Smoking is associated with the incidence of AMS: a large-sample cohort study

  • Song P
  • Zhang J
  • Qin J
  • et al.
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In recent years, the number of people visiting high altitudes has increased. After rapidly ascending to a high altitude, some of these individuals, who reside on plains or other areas of low altitude, have suffered from acute mountain sickness (AMS). Smoking interferes with the body's oxygen metabolism, but research about the relationship between smoking and AMS has yielded controversial results. We collected demographic data, conducted a smoking history and performed physical examinations on 2000 potential study participants, at sea level. Blood pressure (BP) and pulse oxygen saturation (SpO2) were measured for only some of the patients due to time and manpower limitations. We ultimately recruited 520 smokers and 450 nonsmokers according to the inclusion and exclusion criteria of our study. Following acute high-altitude exposure, we examined their Lake Louise Symptom (LLS) scores, BP, HR and SpO2; however, cerebral blood flow (CBF) was measured for only some of the subjects due to limited time, manpower and equipment. Both the incidence of AMS and Lake Louise Symptom (LLS) scores were lower in smokers than in nonsmokers. Comparing AMS-related symptoms between nonsmokers and smokers, the incidence and severity of headaches and the incidence of sleep difficulties were lower in smokers than in nonsmokers. The incidences of both cough and mental status change were higher in smokers than in nonsmokers; blood pressure, HR and cerebral blood flow velocity were lower in smokers than in nonsmokers. Our findings suggest that the incidence of AMS is lower in the smoking group, possibly related to a retardation of cerebral blood flow and a relief of AMS-related symptoms, such as headache.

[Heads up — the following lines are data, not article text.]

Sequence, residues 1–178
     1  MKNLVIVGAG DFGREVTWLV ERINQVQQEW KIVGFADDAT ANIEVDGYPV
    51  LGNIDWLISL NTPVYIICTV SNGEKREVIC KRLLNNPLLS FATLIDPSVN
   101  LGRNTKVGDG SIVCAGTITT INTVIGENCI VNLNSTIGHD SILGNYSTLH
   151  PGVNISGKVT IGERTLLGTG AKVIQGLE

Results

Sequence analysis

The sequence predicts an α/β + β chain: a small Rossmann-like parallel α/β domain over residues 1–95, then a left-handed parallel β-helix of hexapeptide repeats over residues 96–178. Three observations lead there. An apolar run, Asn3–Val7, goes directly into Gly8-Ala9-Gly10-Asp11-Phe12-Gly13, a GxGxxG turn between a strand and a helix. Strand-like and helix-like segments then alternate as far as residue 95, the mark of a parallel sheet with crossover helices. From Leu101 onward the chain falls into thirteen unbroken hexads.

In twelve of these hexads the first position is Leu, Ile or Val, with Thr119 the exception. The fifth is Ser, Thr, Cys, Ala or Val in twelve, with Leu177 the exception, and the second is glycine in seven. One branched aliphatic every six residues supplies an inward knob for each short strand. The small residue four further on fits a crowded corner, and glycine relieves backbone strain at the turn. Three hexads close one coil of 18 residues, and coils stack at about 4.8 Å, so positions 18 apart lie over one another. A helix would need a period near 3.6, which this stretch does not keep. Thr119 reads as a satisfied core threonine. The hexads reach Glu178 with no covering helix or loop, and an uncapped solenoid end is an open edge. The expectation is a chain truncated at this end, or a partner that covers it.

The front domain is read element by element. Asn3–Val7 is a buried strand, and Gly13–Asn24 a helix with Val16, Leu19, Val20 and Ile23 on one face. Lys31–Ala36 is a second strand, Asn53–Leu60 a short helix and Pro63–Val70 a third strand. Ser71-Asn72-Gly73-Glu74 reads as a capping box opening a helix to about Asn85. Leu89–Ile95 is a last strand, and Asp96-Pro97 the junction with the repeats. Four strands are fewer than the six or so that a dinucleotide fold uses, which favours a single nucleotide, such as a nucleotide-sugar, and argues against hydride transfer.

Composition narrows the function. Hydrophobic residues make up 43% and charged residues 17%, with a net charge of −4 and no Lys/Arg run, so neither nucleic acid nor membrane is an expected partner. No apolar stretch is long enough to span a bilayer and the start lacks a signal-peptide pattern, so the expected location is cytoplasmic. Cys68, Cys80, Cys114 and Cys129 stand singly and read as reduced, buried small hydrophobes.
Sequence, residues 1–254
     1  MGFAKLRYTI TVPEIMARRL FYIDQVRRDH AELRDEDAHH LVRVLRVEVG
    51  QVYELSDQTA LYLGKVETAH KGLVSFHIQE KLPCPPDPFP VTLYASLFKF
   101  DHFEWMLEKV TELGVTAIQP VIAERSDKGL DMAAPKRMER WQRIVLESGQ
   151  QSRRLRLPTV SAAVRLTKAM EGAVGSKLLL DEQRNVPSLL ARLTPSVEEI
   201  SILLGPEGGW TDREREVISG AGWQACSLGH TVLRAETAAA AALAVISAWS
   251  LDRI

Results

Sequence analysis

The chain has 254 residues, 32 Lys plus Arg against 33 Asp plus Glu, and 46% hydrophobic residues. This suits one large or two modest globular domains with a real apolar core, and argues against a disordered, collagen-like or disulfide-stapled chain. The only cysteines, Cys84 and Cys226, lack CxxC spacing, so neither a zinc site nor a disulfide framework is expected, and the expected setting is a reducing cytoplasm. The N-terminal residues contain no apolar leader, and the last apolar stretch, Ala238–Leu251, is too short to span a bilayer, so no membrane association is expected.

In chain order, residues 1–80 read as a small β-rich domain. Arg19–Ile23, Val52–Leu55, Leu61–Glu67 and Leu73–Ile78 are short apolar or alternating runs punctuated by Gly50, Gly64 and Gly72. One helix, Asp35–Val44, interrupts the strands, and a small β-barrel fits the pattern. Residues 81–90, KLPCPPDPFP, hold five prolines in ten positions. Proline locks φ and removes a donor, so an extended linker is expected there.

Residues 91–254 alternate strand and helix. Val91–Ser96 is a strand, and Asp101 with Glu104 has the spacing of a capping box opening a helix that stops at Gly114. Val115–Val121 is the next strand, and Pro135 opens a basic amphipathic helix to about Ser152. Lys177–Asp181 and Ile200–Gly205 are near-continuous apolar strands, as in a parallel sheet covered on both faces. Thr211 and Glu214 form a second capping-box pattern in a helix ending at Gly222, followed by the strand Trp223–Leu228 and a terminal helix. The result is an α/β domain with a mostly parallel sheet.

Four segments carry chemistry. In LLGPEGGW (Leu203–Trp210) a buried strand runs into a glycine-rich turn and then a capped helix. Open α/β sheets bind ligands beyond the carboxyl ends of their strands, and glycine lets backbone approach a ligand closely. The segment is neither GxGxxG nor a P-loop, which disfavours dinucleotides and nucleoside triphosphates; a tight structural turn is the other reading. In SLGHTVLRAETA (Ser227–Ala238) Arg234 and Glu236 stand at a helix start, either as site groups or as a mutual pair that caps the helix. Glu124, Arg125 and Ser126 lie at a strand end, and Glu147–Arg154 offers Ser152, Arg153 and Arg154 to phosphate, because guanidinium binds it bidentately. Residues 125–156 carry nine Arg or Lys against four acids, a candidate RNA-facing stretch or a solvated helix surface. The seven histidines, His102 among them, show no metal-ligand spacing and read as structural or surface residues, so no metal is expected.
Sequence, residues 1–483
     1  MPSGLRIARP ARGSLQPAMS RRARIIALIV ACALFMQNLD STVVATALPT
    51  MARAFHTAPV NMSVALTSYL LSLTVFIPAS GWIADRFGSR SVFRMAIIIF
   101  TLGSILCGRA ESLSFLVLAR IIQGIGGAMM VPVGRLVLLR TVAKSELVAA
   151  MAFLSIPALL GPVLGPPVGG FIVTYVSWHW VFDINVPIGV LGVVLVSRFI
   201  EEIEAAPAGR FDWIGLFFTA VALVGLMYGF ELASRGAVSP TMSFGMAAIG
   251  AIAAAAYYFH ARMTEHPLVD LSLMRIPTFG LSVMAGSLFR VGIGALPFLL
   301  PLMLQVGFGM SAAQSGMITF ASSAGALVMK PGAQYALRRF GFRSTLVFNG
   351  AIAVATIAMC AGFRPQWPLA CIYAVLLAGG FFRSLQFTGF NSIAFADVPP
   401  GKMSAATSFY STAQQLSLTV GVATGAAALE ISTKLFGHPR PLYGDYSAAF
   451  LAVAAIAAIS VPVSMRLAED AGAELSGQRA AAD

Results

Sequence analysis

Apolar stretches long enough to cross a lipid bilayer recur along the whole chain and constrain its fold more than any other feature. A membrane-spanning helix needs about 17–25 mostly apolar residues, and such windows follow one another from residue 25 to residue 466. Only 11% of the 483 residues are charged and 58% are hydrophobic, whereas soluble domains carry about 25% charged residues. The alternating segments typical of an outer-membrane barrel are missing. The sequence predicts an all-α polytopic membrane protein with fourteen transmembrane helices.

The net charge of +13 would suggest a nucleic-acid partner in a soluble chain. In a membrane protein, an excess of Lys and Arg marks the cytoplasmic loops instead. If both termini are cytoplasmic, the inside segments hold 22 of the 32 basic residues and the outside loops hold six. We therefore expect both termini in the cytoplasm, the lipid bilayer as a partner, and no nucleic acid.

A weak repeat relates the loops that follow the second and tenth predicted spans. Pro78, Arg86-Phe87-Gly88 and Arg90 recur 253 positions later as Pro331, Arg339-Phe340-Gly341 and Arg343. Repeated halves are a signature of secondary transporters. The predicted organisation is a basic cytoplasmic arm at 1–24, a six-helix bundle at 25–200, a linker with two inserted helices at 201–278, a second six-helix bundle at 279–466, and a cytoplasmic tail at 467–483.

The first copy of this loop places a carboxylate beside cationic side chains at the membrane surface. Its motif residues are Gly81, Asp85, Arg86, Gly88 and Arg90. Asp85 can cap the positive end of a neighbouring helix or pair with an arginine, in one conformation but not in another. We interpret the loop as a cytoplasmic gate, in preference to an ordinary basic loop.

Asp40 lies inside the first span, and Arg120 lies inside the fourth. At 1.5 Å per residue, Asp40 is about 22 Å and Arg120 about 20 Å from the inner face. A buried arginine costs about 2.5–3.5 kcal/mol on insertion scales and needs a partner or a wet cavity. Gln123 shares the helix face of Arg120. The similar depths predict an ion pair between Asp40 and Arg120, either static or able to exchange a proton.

Song, P., Zhang, J., Qin, J., Gao, X., Yu, J., Tang, X., … Huang, L. (2014). Smoking is associated with the incidence of AMS: a large-sample cohort study. Military Medical Research, 1(1).

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